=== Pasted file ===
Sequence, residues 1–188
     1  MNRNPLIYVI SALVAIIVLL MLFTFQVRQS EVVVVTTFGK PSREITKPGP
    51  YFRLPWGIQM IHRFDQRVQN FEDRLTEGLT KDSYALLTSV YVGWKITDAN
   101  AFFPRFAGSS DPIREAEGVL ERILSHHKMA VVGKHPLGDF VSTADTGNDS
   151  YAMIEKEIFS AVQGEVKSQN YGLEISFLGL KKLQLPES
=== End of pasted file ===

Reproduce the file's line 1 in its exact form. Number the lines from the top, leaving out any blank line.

Sequence, residues 1–188